The Shakespeare Conference: SHK 23.111  Friday, 15 March 2012


From:        Steve Urkowitz <This email address is being protected from spambots. You need JavaScript enabled to view it.>

Date:         March 14, 2012 8:51:40 PM EDT

Subject:     Re:  Gerald Downs on the LEARs


I guess I do have a dog in that fight.  Gerald Downs seems to like the possibilities of other Lear texts out behind or prior to the Q1 version.  Thought indeed is free.  It’s fun to imagine the actors sitting around trying to recall their parts while someone wrote it all down.  Or maybe some shorthand scribe scribbled in the theater and then met with the magically script-bereft acting company so they could all whip up a temporary script.  (But what service it might provide, without a proper seal attesting to its authorization is hard to figure.  But, hey, Go-o-o-o Free Thought!)  Or maybe those great memorizing Spaniards came over to pirate an English(!) script to pick up a little spare change in Protestant England.    


My sense of the real costs, though, of all this free thought is that we have to avert our eyes from the theatrical craftsmanship that becomes visible when we look at the alternative texts unvarnished by the fairy tale Pirates and the rapacious Printers.  Let me suggest to our buddies here in SHAKSPER-land that you look at my book, say for instance the chapter about the textual variants in LEAR 3.1.  I may have been much younger back in 1980 when my Shakespeare's Revision of King Lear came out, but, hey, those two texts offer a grand set of lessons on how a craftsman can shape dialogue and action to make it work and then economically reshape the same moment to make it work differently, better, sharper, more poignantly, more caught up with the issues of loyalty and kindness and trust in an imagined storm in a collapsing kingdom.  


Without being too grumpy about it, I still think that the “revision hypothesis” leaves us with one tougher, smarter, and more interesting William Shakespeare, and the various memorial reconstruction and piracy and shortened text theories leave us with a sense of Shakespeare as a naif who couldn’t hang onto or protect or even re-think what he produced, or who along with his fellow actors chose to field on stage diminished versions of his long plays (pace Alfred Hart, Stephen Orgel, Andrew Gurr, and Lukas Erne).  Gerald Downs says his ideas depend on “the historical condition of reproduction from memory (rather than from an unbroken line of transcriptions).”   Right on!  But “the historical condition” has the same tangible thingness as the historical condition of the Unicorn, or the Green Knight, or the undeniable overarching ever-presence of the Great Chain of Being.   Just because something is believed in doesn’t mean that it actually happened.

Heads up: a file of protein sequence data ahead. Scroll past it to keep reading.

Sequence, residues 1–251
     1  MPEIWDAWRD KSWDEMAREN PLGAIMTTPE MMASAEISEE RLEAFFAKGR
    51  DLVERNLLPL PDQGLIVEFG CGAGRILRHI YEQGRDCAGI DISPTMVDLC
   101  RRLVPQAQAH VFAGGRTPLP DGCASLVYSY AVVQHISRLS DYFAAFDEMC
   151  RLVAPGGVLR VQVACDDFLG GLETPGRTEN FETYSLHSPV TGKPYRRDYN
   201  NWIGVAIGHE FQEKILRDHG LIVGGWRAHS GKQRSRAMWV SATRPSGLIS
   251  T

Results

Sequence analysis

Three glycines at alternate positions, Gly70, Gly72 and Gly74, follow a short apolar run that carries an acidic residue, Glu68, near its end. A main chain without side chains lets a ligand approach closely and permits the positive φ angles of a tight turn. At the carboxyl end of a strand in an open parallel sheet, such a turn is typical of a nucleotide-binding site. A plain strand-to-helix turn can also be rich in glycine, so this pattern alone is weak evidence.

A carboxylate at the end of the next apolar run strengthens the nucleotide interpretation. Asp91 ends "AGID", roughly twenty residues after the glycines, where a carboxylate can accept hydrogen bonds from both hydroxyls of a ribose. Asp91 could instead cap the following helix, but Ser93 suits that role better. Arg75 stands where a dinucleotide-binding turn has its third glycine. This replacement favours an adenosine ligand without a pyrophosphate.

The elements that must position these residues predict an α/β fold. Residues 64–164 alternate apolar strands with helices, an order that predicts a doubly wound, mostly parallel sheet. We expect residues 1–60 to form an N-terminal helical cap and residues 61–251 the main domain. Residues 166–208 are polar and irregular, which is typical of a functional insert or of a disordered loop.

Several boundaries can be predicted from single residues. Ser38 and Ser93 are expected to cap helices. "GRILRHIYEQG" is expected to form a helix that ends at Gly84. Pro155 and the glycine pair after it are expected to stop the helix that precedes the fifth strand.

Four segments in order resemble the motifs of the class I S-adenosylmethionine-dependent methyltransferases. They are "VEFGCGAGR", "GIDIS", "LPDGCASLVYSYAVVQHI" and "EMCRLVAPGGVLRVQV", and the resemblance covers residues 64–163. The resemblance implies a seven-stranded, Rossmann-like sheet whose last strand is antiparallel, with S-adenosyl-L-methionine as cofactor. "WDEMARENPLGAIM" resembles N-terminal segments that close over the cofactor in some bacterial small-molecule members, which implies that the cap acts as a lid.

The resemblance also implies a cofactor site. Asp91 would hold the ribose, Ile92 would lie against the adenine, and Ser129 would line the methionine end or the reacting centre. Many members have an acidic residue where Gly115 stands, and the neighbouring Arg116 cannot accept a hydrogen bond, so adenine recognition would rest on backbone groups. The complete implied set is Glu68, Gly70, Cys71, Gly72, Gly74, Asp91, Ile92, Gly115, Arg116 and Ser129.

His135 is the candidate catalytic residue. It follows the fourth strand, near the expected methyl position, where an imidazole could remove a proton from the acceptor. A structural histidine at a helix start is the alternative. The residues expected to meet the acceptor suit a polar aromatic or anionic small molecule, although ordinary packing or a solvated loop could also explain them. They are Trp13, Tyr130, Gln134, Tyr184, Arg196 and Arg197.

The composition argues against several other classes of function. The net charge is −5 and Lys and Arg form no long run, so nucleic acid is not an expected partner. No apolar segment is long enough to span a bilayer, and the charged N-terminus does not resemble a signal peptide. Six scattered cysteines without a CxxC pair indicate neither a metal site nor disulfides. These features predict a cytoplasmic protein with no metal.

I wrote a book about the Lear texts that still reads pretty well.  I’m still at work on Shakespeare’s Revision of Everything Else, and to date no memorial reconstructor has ever shown me how like a crab those later printed versions walked backwards in time to become the progenitors of their earlier printed off-spring (on-spring?) which have all those embarrassing aspects of early drafts. (Nor, if Shakespeare was REALLY interested in the long literary texts rather than those performed shorties, why he didn’t manage to get so many of them into print until all those years after he was stone dead.  Ah, those mysterious artists. )  


Floating around the Internet is a wonderful essay by Stephen Leacock called “Saloonio.”  Rather than snarl through many of the o-so-grim bibliographic essays that litter the multi-textual playground, track down “Saloonio” and have a good laugh about the urgencies of textual scholarship.


Tell me if you like it. But I’ll likely not try to engage in more polemic with the MR folks.  It’s those of us who can laugh with Leacock’s “Saloonio” who I like to talk with.  Laughter matters. 


As ever,

Steve Urquartowitz


[Editor’s Note: I took Steve’s suggestion and looked up “Saloonio.” Stephen Leacock in 1920 published a collection of his pieces in Literary Lapses, which can be downloaded or read at the Internet Archive and Google Books. “Saloonio” can also be read at a number of sites.








I have scanned "Saloonio" into a pdf file that readers may download from here:  pdf  Saloonio




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